The most striking central theme to the novel is the idea of the community secret and the unspoken truth. With the ever-increasing accusations of sex abuse carried out by high-profile public figures post Jimmy Savile in the UK, the relevancy of such a topic is undeniable.  The rabbit-hole goes far deeper though, as once Savile had died, and the truth was finally reported, the general British public have had to listen to a swarm of celebrities, all eager to get another 5 minutes in the spotlight, acknowledging his crimes were well know in media circles. Yet at the time they all did NOTHING! This is not a tenuous link; it demonstrates the power of literature, no matter how pulpy, to symbolically shine a light on real, dark events…

‘Then the police know about this place? They know what you do? And they haven’t taken any action to stop you?’

‘My dear sir, the whole surrounding community is aware that there is something special about Le Reposoir. Many consider us frightening; at least until they have the opportunity to see for themselves the true significance of our rituals. I suppose you could say that there is a parallel with World War Two, when many German citizens living close to concentration camps were aware that there was something of great drama happening in their district, but preferred on the whole not to investigate too closely. Of all creatures, man is the most incurious, believe me.’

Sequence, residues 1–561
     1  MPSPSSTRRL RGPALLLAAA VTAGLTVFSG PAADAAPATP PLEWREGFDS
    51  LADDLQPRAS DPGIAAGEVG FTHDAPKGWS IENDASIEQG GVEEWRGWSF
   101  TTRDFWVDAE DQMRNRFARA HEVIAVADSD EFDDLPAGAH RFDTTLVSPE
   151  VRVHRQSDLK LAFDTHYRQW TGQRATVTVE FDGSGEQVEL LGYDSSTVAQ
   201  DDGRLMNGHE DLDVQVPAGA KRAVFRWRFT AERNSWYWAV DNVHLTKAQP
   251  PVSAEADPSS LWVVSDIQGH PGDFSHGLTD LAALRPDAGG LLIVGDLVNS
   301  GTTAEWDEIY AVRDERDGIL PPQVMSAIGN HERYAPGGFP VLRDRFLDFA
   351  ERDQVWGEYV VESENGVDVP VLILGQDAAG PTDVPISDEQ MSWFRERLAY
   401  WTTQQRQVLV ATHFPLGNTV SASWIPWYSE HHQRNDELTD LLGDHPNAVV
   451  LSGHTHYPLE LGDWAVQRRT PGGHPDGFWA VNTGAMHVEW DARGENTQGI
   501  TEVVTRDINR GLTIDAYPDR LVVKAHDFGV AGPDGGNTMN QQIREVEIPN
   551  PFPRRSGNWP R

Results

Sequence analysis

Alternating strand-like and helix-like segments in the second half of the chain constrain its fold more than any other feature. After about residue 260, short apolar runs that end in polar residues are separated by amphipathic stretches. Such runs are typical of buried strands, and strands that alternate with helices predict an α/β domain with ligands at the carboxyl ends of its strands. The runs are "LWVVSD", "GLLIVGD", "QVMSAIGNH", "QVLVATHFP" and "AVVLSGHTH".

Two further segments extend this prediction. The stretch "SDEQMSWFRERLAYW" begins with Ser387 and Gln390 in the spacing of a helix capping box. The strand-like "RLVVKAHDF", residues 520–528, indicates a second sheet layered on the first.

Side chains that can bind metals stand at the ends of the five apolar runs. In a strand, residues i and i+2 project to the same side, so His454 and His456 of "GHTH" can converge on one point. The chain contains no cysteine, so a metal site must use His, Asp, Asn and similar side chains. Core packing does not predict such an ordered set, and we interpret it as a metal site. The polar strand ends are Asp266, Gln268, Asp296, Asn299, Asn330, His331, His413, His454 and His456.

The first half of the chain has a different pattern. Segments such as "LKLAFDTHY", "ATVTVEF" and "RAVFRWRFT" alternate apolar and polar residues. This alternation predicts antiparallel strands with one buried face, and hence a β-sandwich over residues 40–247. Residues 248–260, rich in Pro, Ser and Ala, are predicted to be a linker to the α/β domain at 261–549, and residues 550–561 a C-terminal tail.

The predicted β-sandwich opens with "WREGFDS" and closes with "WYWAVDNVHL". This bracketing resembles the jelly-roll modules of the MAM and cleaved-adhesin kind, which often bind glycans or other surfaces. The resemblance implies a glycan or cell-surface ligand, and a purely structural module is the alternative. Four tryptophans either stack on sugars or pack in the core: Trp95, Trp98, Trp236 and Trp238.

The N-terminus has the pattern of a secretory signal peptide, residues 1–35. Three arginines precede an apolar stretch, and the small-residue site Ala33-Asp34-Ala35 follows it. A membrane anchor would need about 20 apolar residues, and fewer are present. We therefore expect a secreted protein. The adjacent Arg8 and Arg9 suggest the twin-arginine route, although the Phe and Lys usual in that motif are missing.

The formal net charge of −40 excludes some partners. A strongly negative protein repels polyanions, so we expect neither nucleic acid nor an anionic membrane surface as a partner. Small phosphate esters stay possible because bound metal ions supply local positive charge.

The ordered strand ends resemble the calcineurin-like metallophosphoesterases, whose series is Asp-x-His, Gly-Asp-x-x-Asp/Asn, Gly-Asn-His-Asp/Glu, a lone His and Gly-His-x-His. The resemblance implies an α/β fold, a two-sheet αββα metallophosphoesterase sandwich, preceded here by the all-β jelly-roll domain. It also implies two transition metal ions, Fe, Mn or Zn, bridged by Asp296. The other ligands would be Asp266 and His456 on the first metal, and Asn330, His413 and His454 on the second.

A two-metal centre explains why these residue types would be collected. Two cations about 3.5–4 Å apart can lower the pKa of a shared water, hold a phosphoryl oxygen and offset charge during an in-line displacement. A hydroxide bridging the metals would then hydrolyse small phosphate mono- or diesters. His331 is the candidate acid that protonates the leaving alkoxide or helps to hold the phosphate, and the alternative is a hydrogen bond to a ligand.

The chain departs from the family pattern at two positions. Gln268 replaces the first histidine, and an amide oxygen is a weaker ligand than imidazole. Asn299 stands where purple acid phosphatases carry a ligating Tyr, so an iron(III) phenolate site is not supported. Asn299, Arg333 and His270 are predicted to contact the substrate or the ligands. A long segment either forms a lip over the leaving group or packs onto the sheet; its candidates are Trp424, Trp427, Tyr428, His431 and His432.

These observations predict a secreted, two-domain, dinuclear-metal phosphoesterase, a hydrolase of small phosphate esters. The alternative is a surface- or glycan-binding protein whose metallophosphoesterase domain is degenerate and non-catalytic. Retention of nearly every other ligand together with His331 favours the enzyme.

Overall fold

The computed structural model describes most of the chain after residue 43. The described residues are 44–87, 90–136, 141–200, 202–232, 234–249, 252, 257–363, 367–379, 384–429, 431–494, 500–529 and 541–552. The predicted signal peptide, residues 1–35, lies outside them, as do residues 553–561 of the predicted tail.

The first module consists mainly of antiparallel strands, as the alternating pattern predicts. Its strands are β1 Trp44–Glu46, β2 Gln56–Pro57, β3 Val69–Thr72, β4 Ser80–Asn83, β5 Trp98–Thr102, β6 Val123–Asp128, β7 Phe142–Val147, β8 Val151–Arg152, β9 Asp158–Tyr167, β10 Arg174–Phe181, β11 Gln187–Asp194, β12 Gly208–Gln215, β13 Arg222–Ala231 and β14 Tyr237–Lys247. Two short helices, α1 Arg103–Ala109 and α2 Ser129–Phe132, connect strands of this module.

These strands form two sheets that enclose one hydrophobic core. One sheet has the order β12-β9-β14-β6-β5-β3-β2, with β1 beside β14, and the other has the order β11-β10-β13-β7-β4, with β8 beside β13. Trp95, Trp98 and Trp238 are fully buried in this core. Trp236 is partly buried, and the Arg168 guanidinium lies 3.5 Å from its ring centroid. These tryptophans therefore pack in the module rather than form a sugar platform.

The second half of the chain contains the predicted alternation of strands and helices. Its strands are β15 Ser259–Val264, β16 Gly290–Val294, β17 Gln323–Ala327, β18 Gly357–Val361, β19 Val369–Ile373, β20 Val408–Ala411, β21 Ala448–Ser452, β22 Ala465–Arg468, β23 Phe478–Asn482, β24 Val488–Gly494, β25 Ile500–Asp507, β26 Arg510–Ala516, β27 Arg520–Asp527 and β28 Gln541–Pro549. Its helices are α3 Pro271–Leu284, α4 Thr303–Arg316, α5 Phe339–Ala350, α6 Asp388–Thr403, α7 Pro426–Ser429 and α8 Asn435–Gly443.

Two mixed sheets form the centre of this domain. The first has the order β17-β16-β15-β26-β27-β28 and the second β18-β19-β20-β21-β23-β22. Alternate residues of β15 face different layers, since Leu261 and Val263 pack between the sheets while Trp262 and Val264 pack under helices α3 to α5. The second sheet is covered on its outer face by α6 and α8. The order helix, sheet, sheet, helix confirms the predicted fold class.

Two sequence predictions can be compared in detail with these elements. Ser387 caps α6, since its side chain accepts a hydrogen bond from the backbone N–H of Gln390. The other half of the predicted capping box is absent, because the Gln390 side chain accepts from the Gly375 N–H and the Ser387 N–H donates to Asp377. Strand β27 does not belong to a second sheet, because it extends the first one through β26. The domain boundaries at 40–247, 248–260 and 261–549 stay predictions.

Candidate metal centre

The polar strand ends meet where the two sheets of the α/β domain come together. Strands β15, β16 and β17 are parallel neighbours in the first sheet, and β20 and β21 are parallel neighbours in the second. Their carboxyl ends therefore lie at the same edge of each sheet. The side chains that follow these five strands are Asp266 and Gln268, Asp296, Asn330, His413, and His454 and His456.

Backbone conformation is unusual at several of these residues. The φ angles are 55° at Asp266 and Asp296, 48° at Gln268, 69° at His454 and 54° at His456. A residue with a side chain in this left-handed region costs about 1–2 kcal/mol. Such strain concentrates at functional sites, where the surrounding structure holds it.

Charlie said, ‘Haxalt knows, doesn’t he? The president of the savings bank?’

M. Musette nodded. ‘Almost all of those with senior civic positions in Allen’s Corners are aware of what we are, and what we do.’